Chocolate and Gold Coins

Friday, June 17, 2005

Democracy and Superficial Voters

Half Sigma and Futurepundit recently blogged about an interesting story in which people were able to guess the outcomes of elections by cueing in on a superficial trait: whether a candidate had a “baby face” or not. Apparently voters dislike candidates with baby faces, even though there is no correlation between looks and any measurable competency. In some sense, this might be like not voting for someone because the candidate has dark skin or long hair. If people are aware of this bias, maybe more people will try to ignore their prejudice.

However, there is a deeper issue here. How much do we really think about issues and whether one candidate or the other speaks to those issues? In local elections, I would not even know what are the issues; let alone what positions the candidates have on those issues. That’s a pity, but the nature of democracy is that there is little incentive for each of us to expend time and effort to learn about the issues and the candidates. My vote makes little difference in any election, and if I’m going to expend effort on something, I would like to see something in return.

Learning about the candidates and the issues is an act of charity, in a sense. Our effort benefits not just us but potentially everyone who would be affected by the outcome of the election. If we all learned about the candidates and the issues, we might elect more competent leaders and have a better government.

There are cases in which really bad people might have been prevented from coming to power if the voters had voted more responsibly: Hitler of Germany and Mugabe of Zimbabwe could have been stopped if the voters in their countries had voted heavily against them in the first place. Democracy is the check we citizens have to prevent the destruction of our liberties. This touches upon a question that was raised by Coyote Blog: what is our most precious right? He thought the right to property was more important, but I would argue that the right to vote is most precious because if that goes, everything goes.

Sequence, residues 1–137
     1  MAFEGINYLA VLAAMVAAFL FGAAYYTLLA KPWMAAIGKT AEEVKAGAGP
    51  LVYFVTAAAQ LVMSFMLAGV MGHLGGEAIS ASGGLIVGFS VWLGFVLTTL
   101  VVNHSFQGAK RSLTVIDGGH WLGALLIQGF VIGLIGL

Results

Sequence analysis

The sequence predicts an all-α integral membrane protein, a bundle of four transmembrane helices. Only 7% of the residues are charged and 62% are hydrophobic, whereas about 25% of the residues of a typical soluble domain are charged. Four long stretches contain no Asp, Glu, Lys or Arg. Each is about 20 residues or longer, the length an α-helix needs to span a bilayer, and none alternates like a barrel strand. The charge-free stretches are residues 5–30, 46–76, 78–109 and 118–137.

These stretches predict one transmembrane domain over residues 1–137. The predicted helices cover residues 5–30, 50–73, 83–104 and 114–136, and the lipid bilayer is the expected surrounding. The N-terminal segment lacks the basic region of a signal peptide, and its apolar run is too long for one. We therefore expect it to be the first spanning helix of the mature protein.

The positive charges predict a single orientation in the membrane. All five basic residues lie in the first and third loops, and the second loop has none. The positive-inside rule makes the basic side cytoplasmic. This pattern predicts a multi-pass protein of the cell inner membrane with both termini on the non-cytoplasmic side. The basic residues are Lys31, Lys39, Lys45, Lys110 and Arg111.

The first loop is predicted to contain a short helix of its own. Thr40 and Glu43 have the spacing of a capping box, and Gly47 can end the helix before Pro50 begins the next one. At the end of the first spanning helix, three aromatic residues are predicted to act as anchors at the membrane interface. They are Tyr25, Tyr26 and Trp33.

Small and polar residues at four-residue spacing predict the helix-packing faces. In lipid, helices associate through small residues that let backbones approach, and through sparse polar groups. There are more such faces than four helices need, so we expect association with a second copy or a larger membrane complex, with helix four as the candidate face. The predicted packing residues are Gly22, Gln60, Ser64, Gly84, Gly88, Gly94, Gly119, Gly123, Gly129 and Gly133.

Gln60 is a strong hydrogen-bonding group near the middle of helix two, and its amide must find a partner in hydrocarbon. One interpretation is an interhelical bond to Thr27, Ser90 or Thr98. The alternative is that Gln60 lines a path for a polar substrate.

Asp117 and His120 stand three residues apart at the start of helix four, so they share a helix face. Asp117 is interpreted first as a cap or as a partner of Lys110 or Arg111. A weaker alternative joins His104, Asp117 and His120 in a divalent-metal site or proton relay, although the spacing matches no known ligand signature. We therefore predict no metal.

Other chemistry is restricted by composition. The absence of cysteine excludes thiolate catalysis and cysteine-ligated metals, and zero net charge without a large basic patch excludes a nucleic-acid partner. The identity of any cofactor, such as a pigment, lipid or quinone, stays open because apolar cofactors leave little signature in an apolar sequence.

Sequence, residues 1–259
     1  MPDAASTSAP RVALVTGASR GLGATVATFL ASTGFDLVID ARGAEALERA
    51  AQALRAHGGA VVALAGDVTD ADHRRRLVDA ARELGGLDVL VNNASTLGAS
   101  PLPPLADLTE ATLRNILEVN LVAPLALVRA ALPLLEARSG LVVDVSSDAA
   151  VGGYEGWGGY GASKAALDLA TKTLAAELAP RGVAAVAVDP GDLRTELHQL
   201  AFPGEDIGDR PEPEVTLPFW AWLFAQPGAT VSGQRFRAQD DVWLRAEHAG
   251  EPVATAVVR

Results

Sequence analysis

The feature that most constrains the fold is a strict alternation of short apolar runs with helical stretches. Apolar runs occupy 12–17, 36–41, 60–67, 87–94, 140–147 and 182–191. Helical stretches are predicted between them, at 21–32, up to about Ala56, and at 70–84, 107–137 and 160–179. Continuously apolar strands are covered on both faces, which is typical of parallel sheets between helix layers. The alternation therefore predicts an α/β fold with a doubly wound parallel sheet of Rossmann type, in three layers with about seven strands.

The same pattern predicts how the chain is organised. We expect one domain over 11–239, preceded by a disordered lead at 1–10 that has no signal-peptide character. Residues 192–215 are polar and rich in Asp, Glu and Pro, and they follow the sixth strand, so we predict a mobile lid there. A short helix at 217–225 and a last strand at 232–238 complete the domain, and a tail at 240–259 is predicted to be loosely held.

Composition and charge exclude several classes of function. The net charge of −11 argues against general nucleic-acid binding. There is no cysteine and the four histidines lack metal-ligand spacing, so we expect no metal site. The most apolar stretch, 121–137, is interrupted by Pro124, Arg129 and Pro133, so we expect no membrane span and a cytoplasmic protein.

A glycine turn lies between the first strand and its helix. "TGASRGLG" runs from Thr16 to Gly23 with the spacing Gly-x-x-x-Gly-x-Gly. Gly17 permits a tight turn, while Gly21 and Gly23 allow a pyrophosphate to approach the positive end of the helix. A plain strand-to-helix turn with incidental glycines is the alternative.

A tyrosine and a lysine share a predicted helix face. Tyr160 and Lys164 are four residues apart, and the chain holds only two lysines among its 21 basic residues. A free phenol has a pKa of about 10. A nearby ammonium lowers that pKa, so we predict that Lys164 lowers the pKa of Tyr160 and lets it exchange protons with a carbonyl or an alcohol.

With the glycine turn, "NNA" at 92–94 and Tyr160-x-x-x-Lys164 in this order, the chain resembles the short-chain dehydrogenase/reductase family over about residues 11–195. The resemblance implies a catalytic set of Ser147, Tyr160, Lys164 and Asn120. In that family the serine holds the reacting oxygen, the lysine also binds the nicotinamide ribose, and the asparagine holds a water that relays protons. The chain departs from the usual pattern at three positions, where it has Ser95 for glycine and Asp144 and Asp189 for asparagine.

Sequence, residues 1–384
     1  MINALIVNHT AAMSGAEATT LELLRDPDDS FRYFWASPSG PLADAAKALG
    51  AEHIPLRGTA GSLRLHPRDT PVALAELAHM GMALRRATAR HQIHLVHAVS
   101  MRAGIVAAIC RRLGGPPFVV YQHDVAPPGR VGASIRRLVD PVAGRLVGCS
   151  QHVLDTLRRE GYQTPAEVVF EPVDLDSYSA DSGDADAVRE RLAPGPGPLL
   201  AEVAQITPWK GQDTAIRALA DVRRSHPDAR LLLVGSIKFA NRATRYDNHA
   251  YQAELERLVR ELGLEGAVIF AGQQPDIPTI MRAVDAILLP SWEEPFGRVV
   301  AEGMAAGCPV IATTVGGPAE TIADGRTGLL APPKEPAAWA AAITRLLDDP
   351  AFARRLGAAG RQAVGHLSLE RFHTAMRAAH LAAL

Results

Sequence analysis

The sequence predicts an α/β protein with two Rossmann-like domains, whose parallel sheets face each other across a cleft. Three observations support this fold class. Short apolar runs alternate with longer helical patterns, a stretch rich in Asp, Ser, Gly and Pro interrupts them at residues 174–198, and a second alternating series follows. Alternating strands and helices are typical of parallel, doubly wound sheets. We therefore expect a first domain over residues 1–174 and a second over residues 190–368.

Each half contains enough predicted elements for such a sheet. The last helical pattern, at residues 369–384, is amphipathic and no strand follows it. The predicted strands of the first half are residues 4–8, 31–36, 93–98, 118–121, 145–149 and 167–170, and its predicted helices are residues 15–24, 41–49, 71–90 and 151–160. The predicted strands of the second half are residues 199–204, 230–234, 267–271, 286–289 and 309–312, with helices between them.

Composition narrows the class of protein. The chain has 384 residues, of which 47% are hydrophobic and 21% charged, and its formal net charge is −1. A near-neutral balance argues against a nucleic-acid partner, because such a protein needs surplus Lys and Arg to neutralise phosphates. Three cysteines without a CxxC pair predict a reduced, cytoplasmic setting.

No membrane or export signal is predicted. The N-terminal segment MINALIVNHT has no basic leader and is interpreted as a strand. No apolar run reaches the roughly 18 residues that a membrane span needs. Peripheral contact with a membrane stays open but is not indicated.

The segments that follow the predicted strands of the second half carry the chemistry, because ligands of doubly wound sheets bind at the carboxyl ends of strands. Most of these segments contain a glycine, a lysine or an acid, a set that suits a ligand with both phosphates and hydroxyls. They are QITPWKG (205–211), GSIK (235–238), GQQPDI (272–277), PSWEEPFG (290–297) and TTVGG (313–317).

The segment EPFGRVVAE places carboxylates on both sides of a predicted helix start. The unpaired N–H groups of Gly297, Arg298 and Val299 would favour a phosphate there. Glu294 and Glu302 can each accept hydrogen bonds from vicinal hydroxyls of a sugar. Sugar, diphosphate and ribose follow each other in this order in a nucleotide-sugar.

But here’s the issue: how do we motivate people to care about voting? My idea is that we could pay people to care (admittedly, a classic economists’ cure-all). We could ask the candidates to submit an essay, or series of short essays, on what their positions are. They could debate each other in written form. Then the candidates could submit a quiz on their own material. On Election Day, you go to the polls and there would be a place where you could take the quiz. If you score well, you get a nice monetary prize. You would not have to vote to qualify for the prize, but you probably would vote, since you are there.

Candidates would have the incentive to make the quiz based on their main points. They want you to know what their main points are. If they submit stupid questions and stupid answers, you will get irritated at that candidate. And the benefit of this method of political advertising is that even with the cash prize it might be more cost effective as a means of conveying the information than a lot of 30-second political advertisements.

In a nation like India where a lot of people are illiterate, the written material could be turned into audio or even video tapes. The quiz could be set up on a computer screen so that someone with no reading skills could take the test. The departments of motor vehicles in various states have systems like that already. Of course it would be expensive to set all this up. It might be better in the long run to teach everyone to read.

Ideally one day we would be able to do everything on-line: reading the material, taking the quiz, and voting. I might be motivated to care what is happening in the local elections.